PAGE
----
Lego Star Wars: The Skywalker Saga is at its best when it veers from the films: |: “Do I need another Death Star trench run? Is: this: really pod racing? I know the Gungans’ side of the battle against the droid army is important, but is it a fun level to play? The answer to all of these questions is no, and: Lego Star Wars: is at its best when it meaningfully departs from the cinematic source material. ”
The MCU isn’t built for a show like Moon Knight: |: Marvel’s house style restricts the emotion and the drama, holding back what should be a daring story for Oscar Isaac.
Unionization continues to gain traction at game studios: |: This week, BioWare QA workers made moves to unionize, potentially organizing contractors on the Dragon Age and Mass Effect teams. And Activision QA workers at Raven Software won an NLRB ruling, clearing the way for a union vote in April.
Rogue Legacy 2’s Easter egg is a generous nod to an overlooked gem: |: “FMF Fan” gives players free gold. But what does it mean?
Netflix’s controversial Eurotrash sex franchise goes soft in 365 Days: This Day: |: Is this the first movie to feature “sex golf”?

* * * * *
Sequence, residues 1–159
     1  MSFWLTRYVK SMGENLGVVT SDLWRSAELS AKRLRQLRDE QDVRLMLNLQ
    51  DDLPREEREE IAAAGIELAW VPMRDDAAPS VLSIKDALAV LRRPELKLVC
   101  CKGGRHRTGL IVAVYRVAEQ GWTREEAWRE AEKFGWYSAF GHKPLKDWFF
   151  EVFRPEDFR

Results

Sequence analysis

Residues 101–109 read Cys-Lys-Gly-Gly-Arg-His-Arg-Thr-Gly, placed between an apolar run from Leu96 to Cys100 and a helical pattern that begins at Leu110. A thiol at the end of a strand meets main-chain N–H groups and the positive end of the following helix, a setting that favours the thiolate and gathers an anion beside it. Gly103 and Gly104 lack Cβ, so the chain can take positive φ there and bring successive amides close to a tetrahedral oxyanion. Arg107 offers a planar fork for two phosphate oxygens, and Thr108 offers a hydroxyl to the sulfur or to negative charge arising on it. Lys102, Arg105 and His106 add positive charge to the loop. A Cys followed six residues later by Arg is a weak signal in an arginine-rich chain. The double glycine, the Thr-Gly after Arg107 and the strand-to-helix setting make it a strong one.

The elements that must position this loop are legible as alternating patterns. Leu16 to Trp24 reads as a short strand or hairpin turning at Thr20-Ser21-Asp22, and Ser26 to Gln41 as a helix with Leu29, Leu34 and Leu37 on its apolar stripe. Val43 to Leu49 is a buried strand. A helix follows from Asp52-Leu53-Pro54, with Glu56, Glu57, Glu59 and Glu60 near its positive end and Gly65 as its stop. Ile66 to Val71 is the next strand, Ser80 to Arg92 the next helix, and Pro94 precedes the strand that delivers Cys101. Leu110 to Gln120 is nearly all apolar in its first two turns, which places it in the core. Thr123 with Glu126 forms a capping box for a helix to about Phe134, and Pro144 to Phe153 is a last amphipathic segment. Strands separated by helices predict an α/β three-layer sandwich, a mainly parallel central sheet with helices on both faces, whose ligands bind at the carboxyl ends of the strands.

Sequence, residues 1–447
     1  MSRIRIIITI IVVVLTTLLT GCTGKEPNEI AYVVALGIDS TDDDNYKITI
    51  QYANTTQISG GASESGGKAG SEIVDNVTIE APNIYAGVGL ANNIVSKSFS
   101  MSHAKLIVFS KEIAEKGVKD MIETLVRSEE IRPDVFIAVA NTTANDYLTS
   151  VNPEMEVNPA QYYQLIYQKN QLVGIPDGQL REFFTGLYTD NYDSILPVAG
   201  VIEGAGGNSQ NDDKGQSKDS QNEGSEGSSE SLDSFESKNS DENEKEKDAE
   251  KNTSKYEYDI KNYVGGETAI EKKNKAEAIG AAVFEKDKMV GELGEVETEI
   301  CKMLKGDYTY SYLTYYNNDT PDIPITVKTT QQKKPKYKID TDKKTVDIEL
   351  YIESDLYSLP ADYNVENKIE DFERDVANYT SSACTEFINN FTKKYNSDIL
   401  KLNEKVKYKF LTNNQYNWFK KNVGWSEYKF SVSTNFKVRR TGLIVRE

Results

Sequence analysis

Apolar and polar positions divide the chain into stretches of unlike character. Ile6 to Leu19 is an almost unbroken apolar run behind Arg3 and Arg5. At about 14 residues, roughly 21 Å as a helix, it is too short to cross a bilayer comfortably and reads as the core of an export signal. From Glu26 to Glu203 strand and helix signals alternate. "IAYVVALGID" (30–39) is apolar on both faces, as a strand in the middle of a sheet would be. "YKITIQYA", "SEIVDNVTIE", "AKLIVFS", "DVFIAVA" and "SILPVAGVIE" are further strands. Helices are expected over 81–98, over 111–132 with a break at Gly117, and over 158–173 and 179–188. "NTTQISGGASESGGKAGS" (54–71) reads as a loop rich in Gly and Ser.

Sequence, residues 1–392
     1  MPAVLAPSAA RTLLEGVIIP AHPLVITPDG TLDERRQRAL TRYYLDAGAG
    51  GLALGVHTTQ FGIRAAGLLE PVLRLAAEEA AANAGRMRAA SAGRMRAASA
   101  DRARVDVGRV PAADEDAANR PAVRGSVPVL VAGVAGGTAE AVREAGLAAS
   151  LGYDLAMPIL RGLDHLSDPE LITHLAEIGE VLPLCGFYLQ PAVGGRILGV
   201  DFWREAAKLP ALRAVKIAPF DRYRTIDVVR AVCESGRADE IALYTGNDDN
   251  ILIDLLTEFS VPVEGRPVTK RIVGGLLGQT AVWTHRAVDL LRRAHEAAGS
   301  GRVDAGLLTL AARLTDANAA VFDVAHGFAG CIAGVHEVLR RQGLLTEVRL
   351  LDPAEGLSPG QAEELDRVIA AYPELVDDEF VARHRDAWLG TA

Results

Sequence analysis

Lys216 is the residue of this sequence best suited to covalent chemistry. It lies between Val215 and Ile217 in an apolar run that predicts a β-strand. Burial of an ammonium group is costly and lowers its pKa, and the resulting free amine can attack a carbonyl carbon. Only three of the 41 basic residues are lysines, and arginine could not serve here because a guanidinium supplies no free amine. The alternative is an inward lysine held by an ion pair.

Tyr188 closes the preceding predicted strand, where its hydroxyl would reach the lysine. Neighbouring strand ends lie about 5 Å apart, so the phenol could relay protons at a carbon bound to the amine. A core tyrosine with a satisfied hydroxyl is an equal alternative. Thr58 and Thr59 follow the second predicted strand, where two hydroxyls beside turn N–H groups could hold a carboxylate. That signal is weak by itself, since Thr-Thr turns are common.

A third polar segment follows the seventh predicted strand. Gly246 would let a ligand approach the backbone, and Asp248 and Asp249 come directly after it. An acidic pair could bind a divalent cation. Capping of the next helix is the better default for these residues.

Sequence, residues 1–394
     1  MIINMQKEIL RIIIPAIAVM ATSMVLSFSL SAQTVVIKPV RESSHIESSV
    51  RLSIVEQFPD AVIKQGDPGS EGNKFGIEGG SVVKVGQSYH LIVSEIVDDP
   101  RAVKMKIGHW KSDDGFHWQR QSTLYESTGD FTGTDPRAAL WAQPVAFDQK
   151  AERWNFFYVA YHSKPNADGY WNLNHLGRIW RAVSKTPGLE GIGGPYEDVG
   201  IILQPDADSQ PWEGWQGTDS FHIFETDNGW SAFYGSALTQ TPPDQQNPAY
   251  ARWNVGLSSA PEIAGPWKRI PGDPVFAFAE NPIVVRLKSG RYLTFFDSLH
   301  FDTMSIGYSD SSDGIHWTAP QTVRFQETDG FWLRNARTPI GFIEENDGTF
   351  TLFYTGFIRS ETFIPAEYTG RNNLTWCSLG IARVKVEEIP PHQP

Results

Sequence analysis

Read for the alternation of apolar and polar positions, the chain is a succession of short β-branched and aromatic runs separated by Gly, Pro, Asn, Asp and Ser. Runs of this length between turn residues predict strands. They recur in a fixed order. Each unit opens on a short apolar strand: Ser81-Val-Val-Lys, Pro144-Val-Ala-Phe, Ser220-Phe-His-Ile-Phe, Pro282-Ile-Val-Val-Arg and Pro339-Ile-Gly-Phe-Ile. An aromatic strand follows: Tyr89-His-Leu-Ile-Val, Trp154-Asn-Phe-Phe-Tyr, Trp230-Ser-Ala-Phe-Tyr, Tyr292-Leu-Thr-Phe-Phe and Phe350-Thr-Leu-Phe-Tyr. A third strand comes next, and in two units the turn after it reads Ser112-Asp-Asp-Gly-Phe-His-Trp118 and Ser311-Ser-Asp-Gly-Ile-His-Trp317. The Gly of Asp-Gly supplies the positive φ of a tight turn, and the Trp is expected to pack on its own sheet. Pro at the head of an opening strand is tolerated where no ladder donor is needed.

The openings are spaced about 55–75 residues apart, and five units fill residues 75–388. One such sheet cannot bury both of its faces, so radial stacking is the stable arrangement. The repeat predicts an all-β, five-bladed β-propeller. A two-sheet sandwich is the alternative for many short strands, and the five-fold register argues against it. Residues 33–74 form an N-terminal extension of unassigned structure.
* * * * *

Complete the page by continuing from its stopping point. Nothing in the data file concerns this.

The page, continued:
Five things to watch:
Bubble: on Netflix: |: One day you wake up and there’s a post-apocalyptic sci-fi parkour riff on: The Little Mermaid: from a director of: Attack on Titan: waiting to be watched.
10 recent Nicolas Cage movies you should watch: |: The star of: The Unbearable Weight of Massive: Talent: has been putting together one of the strangest and enjoyable filmographies of the past decade.
Undone: on Amazon Prime: |: Season 2 of this amazing animated show asks: Is time travel the best therapy of all?
Barry: on HBO Max: |: The HBO comedy is back to make you laugh – but not too hard.
The 13 Batman movies, ranked: |: We apologize in advance for the placement of: Batman & Robin:, an underappreciated disasterpiece of gaudy commercialism. Signed, the management.
Plus, everything new to streaming: The Godfather trilogy returns! And 12 great movies leaving streaming at the end of April.
Three games to play:
Sephonie: |: This 3D platformer was inspired by Tony Hawk’s Pro Skater, Spyro the Dragon … and Tetris! Available on PlayStation 4, Xbox One, Windows PC, Linux, and Mac OS.
The Iron Oath: |: Polygon Recommends |: A mix of Darkest Dungeon, XCOM, and Divinity: Original Sin, this might be the next great turn-based tactics game. Available on Windows PC.
Warframe: |: Many years into the shooter’s life, its new updates remain consistently bizarre, fun, and compelling. Available on PlayStation 4, Xbox One, Nintendo Switch, and Windows PC.
Free game of the week:
The Elder Scrolls 1 & 2: |: Bethesda is shutting down the Bethesda.net Launcher and moving its catalog to Steam. To mark the occasion, the publisher has made the first two entries in the Elder Scrolls series free. Now you can play the classic games that cleared a trail for: Morrowind: and: Skyrim: without having to wonder if that’s a good use of your cash when you could just buy: Skyrim: for the umpteenth time. Available on Steam: for Windows PC.